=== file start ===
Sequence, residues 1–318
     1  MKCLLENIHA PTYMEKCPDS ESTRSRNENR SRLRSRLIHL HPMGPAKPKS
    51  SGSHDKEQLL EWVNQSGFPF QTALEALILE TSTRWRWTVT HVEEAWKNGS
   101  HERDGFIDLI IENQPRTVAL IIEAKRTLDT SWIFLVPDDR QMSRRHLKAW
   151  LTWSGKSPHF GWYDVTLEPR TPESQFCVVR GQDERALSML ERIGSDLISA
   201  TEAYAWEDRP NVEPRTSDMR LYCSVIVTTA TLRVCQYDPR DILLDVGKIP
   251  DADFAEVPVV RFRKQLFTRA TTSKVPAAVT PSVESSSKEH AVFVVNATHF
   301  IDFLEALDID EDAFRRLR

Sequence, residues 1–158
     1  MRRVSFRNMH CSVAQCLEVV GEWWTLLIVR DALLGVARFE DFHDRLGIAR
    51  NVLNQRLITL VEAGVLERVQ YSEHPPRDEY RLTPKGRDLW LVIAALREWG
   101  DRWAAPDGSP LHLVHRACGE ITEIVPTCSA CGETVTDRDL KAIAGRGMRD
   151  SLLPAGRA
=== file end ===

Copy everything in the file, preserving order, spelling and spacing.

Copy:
Sequence, residues 1–318
     1  MKCLLENIHA PTYMEKCPDS ESTRSRNENR SRLRSRLIHL HPMGPAKPKS
    51  SGSHDKEQLL EWVNQSGFPF QTALEALILE TSTRWRWTVT HVEEAWKNGS
   101  HERDGFIDLI IENQPRTVAL IIEAKRTLDT SWIFLVPDDR QMSRRHLKAW
   151  LTWSGKSPHF GWYDVTLEPR TPESQFCVVR GQDERALSML ERIGSDLISA
   201  TEAYAWEDRP NVEPRTSDMR LYCSVIVTTA TLRVCQYDPR DILLDVGKIP
   251  DADFAEVPVV RFRKQLFTRA TTSKVPAAVT PSVESSSKEH AVFVVNATHF
   301  IDFLEALDID EDAFRRLR

Sequence, residues 1–158
     1  MRRVSFRNMH CSVAQCLEVV GEWWTLLIVR DALLGVARFE DFHDRLGIAR
    51  NVLNQRLITL VEAGVLERVQ YSEHPPRDEY RLTPKGRDLW LVIAALREWG
   101  DRWAAPDGSP LHLVHRACGE ITEIVPTCSA CGETVTDRDL KAIAGRGMRD
   151  SLLPAGRA